Susan G. Komen charity halts grants to Planned Parenthood


WASHINGTON, D.C. — The nation's leading force in the battle for breast cancer, Susan G. Komen for the Cure, has ended funding grants to Planned Parenthood.

Pro-life advocates, who had urged Komen to take such action for years, applauded the news, which was reported Jan. 31 by the Associated Press. Planned Parenthood Federation of America (PPFA) confirmed the report in a release the same day.

Komen's decision appears to be an important — though largely symbolic — one in what is an ongoing effort by pro-lifers inside and outside Congress to publicize Planned Parenthood's abortion business and reduce public funding for the organization. It would not appear to inflict much financial damage on PPFA and its affiliates, which received $487.4 million in government grants, contracts and reimbursements alone in 2009-10, the most recent year for which statistics are available.

Komen's affiliates gave more than $600,000 to Planned Parenthood during 2009-10, the last year for which stats are available. Komen said the money was for breast exams, but the fact that Planned Parenthood is the nation's largest abortion provider caused pro-life organizations to criticize the Komen-Planned Parenthood ties.

Planned Parenthood affiliates offer physical breast exams, but not mammograms.

Komen had tried to distance itself from Planned Parenthood's abortion practices, saying in previous statement that "under no circumstances are Komen funds used to fund abortions or other non-breast services."

Carol Tobias, president of the National Right to Life Committee, wrote a column in the October issue of Legatus — a Catholic business magazine — bemoaning the fact that Susan G. Komen, often seen as a worthy charity, has ties to Planned Parenthood.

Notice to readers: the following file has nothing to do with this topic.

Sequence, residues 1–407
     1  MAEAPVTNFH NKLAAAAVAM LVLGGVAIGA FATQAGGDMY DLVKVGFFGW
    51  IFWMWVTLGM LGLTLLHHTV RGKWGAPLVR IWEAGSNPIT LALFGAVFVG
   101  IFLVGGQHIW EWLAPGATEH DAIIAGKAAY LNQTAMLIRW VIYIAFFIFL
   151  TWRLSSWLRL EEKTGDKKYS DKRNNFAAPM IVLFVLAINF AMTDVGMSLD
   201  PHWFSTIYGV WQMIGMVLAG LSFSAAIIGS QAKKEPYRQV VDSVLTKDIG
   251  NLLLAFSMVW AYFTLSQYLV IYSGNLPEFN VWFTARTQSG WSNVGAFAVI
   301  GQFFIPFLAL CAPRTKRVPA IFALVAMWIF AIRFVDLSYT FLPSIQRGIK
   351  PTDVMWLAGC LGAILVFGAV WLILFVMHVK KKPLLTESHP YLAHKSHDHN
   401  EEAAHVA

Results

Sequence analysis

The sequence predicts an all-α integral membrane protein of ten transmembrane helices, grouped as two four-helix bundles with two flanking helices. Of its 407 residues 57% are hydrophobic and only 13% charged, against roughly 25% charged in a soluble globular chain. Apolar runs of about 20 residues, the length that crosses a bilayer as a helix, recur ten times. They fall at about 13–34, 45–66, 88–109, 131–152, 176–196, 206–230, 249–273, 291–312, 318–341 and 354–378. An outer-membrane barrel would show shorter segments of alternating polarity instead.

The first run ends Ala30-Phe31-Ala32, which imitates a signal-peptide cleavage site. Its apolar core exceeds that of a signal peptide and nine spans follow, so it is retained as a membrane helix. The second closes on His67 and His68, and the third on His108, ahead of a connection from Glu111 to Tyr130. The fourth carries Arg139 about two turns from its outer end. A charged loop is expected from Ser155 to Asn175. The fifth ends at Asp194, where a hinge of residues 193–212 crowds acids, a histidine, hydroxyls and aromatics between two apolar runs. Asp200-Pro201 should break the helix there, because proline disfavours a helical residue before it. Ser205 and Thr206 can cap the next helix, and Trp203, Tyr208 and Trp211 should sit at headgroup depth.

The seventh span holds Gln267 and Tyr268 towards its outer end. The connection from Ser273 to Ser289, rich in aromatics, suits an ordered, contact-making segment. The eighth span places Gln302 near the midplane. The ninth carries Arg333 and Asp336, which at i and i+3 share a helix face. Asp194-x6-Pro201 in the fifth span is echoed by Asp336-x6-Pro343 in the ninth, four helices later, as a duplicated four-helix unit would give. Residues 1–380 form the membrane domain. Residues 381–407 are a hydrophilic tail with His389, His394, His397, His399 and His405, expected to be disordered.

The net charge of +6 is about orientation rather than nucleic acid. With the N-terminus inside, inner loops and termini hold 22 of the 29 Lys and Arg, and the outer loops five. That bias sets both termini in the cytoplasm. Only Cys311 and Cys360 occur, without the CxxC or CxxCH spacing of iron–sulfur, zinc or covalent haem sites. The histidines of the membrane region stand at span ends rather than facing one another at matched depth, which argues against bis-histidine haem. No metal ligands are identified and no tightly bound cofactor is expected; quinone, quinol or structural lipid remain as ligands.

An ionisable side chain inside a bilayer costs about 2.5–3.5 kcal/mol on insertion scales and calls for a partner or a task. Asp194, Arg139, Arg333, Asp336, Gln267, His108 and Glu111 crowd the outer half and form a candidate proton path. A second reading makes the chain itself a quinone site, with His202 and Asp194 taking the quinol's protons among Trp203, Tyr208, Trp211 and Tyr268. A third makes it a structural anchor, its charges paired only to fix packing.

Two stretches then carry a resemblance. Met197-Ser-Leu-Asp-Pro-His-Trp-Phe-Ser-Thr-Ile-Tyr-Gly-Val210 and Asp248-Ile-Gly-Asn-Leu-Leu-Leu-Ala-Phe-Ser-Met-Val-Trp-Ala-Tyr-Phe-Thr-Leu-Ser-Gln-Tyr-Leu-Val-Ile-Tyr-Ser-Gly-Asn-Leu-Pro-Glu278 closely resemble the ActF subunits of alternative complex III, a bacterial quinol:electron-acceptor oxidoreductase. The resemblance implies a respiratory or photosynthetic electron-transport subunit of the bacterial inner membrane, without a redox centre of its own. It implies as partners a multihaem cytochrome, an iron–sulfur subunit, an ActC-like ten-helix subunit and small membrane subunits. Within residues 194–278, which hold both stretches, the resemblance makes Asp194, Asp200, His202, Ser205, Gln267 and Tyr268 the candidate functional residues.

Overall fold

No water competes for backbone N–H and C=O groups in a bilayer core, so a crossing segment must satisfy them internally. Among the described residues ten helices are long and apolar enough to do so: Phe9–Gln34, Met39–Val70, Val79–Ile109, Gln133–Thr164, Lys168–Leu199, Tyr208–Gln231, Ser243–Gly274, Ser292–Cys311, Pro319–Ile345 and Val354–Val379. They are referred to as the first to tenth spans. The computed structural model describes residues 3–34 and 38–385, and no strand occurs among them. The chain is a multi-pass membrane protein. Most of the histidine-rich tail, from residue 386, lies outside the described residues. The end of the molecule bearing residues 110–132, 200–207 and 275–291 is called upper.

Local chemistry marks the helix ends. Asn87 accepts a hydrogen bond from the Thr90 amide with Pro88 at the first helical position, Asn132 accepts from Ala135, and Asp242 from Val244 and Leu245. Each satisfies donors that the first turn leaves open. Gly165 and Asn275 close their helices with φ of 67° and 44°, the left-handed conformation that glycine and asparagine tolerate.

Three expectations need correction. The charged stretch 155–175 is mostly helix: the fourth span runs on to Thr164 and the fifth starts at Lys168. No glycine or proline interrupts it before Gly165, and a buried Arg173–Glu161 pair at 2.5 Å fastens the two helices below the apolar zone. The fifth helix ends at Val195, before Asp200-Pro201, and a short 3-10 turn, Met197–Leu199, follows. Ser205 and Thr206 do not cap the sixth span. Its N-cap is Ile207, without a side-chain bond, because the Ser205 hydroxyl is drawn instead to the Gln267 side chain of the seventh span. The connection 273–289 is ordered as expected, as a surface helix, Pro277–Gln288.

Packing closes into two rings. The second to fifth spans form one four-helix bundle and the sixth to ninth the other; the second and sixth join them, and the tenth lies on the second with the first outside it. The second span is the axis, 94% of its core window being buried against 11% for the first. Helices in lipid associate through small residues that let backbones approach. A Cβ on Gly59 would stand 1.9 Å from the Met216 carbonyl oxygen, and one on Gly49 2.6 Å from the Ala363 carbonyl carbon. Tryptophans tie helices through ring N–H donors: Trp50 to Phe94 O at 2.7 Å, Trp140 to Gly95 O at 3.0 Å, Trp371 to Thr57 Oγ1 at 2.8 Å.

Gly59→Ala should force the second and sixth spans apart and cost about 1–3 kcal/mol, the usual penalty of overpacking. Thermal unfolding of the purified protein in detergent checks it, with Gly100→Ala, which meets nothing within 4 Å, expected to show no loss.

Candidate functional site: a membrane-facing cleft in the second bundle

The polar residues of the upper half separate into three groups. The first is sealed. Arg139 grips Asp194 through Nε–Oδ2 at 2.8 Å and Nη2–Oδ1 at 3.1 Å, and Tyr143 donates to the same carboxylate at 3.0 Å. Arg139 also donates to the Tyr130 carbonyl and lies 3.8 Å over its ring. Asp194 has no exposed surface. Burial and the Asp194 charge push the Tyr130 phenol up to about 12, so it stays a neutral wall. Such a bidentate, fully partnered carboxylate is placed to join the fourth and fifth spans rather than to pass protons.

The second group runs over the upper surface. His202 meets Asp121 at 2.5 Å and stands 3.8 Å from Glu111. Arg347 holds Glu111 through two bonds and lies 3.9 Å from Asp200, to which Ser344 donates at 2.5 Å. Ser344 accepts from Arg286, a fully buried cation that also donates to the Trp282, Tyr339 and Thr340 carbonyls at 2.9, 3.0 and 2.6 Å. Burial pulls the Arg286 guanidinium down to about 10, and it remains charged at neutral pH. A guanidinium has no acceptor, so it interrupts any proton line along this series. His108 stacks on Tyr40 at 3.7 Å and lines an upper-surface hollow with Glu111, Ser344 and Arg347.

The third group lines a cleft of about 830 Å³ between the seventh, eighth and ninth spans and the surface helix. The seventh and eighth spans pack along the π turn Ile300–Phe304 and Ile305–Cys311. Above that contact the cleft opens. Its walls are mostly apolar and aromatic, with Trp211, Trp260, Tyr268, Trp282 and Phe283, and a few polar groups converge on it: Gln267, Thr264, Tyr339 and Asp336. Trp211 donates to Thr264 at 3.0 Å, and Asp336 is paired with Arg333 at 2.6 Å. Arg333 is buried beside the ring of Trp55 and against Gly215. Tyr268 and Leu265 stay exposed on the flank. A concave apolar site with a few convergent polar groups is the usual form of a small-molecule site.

"If Komen's mission is to find a cure for breast cancer, why are they giving huge sums of money to Planned Parenthood, the nation's largest abortion provider?" she asked. "... Komen says the grants are used to fund breast exams and mammograms. However, numerous reports confirm that Planned Parenthood doesn't do mammograms. What Planned Parenthood does do is abortion."

Planned Parenthood released a statement expressing alarm at the Komen move to stop funding and blamed pressure from pro-life groups.

"We are alarmed and saddened that the Susan G. Komen for the Cure Foundation appears to have succumbed to political pressure. Our greatest desire is for Komen to reconsider this policy and recommit to the partnership on which so many women count," said Cecile Richards, president of Planned Parenthood Federation of America.

However, Komen spokeswoman Leslie Aun, said the cutoff resulted from the charity's newly adopted criteria barring grants to organizations that are under investigation by local, state or federal authorities. According to Komen, this applies to Planned Parenthood because it's the focus of an inquiry launched by Rep. Cliff Stearns, R-Fla., seeking to determine whether public money was improperly spent on abortions, according to Fox News.